• If you're sick, have diarrhea, or are vomiting and feel like you can't drink or hold down water, call your doctor as you may be at risk of dehydration. 

Organ Failure (Heart, Kidney, Liver)

Heart, kidney, and liver failure may lead to polydipsia. This is usually because your body can no longer transfer enough fluid from your bloodstream to your tissues. 

  • This is a severe medical issue, and treatment will need to be handled by your doctor once you have a diagnosis. 


Sepsis is a reaction in your body resulting from a severe infection. Sepsis can lead to organ failure, tissue damage and is sometimes fatal if not treated promptly. 

  • A common side effect of sepsis is polydipsia. 

Different Types of Diabetes (Mellitus, Insipidus)

a person holding a glass of water while reading a book

Two different types of diabetes may result in polydipsia. When your blood sugar rises, it may result in an increase in urination. If you urinate too much, you may become dehydrated and drink more water than you need to.

  • Diabetes Mellitus develops when your body doesn't produce enough insulin or respond appropriately to insulin. This then causes blood sugar levels to become abnormally high. Your kidneys will attempt to remove the excess glucose by passing it through your urine. This will increase thirst levels as well as the frequency with which you urinate.
  • Diabetes Insipidus is a rare form of diabetes that can cause an imbalance of the fluids in your body. It may lead you to produce more urine than usual (or that someone who is 'healthy' normally would). This can lead to constant feelings of thirst. To give you a better idea, a healthy person will pass approximately three quarts of urine in a day. Someone suffering from diabetes insipidus may pass up to 20 quarts of urine daily.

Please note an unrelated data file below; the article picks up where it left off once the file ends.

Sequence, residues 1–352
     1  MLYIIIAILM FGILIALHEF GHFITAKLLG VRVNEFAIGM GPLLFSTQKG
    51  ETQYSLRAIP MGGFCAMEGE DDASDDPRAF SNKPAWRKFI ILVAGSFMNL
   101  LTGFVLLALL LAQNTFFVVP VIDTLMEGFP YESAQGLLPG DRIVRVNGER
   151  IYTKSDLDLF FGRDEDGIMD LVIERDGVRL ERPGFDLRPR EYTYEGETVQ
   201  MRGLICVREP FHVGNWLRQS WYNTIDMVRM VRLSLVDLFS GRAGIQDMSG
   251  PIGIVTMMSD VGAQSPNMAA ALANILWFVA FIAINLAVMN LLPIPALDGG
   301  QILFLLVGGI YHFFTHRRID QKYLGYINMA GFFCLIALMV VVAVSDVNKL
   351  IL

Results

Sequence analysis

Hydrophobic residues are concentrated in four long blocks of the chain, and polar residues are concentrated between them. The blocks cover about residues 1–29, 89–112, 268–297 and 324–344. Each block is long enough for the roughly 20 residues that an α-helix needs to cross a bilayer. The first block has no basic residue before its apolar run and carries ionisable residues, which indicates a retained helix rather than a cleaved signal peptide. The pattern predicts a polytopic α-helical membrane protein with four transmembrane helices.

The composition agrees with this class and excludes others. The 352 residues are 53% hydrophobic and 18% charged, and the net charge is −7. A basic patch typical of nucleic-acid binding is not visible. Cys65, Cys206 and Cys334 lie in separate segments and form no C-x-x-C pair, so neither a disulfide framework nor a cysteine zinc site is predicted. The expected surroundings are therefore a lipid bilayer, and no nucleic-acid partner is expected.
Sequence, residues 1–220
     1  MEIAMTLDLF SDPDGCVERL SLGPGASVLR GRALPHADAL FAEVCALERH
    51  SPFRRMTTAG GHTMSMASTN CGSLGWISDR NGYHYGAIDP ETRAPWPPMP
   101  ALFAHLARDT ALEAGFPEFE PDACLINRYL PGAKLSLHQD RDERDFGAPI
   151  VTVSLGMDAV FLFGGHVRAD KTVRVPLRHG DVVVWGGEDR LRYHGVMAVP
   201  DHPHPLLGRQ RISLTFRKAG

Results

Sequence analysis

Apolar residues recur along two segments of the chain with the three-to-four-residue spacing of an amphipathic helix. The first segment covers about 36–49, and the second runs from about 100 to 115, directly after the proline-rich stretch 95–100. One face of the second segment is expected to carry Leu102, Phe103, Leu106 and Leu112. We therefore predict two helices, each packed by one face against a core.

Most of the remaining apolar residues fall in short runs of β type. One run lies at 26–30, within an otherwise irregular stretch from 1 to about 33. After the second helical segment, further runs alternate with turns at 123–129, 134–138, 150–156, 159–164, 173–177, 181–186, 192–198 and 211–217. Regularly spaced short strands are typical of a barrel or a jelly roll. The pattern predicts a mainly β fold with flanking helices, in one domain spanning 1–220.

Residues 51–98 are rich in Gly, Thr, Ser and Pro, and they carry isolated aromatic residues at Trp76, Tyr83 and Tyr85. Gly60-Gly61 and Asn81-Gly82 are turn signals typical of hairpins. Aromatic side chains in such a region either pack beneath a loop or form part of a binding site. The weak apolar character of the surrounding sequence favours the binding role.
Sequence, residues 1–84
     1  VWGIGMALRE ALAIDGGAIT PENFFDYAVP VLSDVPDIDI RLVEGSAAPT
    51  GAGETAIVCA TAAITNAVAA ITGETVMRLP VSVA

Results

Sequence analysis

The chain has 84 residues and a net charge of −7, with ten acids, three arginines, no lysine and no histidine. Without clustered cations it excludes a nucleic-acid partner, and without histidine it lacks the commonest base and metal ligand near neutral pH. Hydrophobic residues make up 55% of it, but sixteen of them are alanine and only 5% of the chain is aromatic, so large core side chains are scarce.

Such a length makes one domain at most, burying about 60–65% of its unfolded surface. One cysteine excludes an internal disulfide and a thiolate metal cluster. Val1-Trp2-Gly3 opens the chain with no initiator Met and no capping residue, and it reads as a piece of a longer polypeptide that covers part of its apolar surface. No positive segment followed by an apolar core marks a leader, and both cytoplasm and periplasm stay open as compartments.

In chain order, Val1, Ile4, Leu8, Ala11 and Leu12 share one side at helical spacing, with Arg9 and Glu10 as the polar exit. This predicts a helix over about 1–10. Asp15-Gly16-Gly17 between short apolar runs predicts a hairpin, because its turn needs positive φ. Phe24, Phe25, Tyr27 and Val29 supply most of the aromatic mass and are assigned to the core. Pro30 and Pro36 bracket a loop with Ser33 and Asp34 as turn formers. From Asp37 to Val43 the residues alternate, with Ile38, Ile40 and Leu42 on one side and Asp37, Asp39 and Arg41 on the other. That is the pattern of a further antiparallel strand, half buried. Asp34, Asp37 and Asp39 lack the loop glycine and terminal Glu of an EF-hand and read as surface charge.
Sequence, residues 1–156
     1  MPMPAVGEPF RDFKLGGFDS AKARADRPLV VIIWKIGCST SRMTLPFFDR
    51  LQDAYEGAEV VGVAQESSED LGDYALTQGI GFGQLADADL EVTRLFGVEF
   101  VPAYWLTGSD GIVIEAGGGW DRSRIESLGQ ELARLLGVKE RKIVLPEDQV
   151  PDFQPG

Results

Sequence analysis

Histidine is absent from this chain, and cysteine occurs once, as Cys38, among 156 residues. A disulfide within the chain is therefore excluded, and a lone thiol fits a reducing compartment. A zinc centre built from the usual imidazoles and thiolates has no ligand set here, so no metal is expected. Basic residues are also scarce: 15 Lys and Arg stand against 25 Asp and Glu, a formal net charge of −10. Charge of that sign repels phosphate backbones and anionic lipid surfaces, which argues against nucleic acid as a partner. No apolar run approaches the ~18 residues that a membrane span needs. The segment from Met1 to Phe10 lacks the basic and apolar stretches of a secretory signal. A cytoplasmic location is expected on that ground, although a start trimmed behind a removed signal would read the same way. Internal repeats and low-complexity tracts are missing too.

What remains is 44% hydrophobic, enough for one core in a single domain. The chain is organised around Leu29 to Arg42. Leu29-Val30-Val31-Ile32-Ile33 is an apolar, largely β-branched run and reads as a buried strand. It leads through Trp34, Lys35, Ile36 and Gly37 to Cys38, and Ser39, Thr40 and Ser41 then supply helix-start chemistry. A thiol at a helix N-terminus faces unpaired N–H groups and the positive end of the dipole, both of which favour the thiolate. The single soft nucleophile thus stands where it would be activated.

Other Common Causes

Apart from what we’ve already mentioned, there are some other things that can affect hydration levels. Here are a few other common causes of polydipsia you should know about:

  • Eating foods that are high in salt or added sugars.
  • Exercising without properly hydrating.
  • Diarrhea and vomiting.
  • Getting sunburned or severely burned on your body
  • Losing significant amounts of blood.
  • Spending time in a drier climate than average (like the desert or high altitudes).
  • Mental illnesses like schizophrenia, depression, anorexia, and anxiety.

What's The Link Between Blood Sugar and Thirst

A person drinking water wearing the Nutrisense CGM patch

High blood sugar levels can lead to excessive urination. When your body produces too much urine, it often passes water that your body needs. If you feel as though you're feeling thirsty more than usual and urinating too often, you may want to check your blood sugar levels. 

You can do this with an at-home blood glucose test (the finger prick) or by wearing a CGM.

If your blood sugar levels are consistently high, it's a good idea to speak with your doctor. They may recommend medication, dietary changes or suggest working with a dietitian

Drinking the Right Amount of Water (Fluid) Each Day

A person holding water